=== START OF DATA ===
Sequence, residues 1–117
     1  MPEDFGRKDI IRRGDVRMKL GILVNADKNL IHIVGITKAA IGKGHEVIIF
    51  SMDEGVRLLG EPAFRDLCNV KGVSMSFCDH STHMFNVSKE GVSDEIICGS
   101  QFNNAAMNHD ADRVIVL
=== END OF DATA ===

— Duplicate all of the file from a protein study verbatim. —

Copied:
Sequence, residues 1–117
     1  MPEDFGRKDI IRRGDVRMKL GILVNADKNL IHIVGITKAA IGKGHEVIIF
    51  SMDEGVRLLG EPAFRDLCNV KGVSMSFCDH STHMFNVSKE GVSDEIICGS
   101  QFNNAAMNHD ADRVIVL